US health officials say they are investigating 109 cases of severe hepatitis of unknown origin in children, including five reported deaths, updating a country-wide alert issued in April for doctors to be on the look-out for such cases of the liver disease.
The cases have been identified over the past seven months in 25 states and territories, Dr Jay Butler, deputy director for infectious diseases at the US Centers for Disease Control and Prevention (CDC) said during a conference call on Friday.
He said about half of the 109 children diagnosed with hepatitis were also infected with a type of adenovirus, a virus that causes the common cold, but the agency is still investigating the exact cause of the illness.
The update follows investigations in the United States and several European countries of clusters of hepatitis in young children.
The CDC said it is working with counterparts in Europe to understand the cause of the infections that can cause liver damage and lead to liver failure.
This week, the World Health Organisation officials said they had reports of almost 300 probable cases in 20 countries.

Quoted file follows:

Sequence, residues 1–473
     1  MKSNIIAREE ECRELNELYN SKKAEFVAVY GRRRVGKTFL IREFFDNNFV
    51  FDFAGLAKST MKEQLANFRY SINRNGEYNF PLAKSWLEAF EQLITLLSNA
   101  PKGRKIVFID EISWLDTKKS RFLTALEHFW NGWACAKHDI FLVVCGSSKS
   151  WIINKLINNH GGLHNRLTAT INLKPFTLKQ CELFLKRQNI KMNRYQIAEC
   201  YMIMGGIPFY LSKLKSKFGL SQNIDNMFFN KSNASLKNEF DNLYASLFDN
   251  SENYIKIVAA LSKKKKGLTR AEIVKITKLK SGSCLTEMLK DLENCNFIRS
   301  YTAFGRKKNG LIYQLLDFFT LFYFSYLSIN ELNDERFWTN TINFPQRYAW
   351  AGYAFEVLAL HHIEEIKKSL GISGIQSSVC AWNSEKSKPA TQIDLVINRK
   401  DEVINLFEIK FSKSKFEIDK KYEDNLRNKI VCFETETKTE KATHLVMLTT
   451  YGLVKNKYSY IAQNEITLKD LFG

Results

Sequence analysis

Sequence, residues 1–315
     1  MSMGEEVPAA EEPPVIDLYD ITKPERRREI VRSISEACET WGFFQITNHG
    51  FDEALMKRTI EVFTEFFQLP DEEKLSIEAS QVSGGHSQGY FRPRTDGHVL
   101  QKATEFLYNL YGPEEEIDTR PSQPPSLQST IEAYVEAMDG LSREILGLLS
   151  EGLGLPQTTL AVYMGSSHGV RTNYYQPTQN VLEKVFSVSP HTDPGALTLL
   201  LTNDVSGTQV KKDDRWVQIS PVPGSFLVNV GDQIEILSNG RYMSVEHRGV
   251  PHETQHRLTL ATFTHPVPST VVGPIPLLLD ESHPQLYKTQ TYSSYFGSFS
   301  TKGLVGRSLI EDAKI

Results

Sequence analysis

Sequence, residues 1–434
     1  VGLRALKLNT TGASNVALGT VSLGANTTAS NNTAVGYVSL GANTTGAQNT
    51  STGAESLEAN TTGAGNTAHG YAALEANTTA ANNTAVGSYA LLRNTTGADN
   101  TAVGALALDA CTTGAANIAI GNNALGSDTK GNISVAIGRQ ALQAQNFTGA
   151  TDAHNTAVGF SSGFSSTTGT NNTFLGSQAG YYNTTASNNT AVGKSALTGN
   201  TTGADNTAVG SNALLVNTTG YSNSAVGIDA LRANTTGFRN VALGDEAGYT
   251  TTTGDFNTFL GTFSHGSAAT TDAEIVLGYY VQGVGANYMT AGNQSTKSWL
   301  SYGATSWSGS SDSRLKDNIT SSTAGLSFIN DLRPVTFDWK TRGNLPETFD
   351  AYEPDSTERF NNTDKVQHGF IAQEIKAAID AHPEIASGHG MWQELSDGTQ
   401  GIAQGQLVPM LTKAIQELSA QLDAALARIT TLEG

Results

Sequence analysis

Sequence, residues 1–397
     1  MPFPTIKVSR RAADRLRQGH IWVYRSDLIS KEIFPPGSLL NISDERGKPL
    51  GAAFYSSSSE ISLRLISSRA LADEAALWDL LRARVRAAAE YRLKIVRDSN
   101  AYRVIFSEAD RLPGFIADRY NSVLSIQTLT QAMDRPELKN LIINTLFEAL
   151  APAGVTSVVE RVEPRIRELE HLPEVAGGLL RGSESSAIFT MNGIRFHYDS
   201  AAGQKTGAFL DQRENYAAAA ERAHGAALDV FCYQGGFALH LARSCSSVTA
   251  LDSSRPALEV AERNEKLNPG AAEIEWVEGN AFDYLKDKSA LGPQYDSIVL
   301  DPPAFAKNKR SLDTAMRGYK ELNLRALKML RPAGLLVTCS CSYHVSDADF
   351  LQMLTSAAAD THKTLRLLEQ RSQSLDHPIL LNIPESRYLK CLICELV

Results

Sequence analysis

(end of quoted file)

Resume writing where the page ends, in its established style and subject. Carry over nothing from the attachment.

In the US, 94 per cent of the children were hospitalised and eight received liver transplants.
"It's still a very rare occurrence," Butler said.
"A majority of these cases have recovered and recovered fully."
The mystery goes back to November, when Alabama health officials began looking into the first of nine cases of severe hepatitis in children in that state.
None tested positive for the viruses that commonly cause hepatitis.
However, testing was positive for adenovirus.
Butler said none of the Alabama children were vaccinated against COVID-19.
That has been ruled out as a possible cause "and we hope this information helps clarify some of the speculation circulating online".
Symptoms of hepatitis, or inflammation of the liver, include fever, fatigue, loss of appetite, nausea, vomiting, abdominal pain, dark urine, light-coloured stools, joint pain and jaundice.
with reporting from AP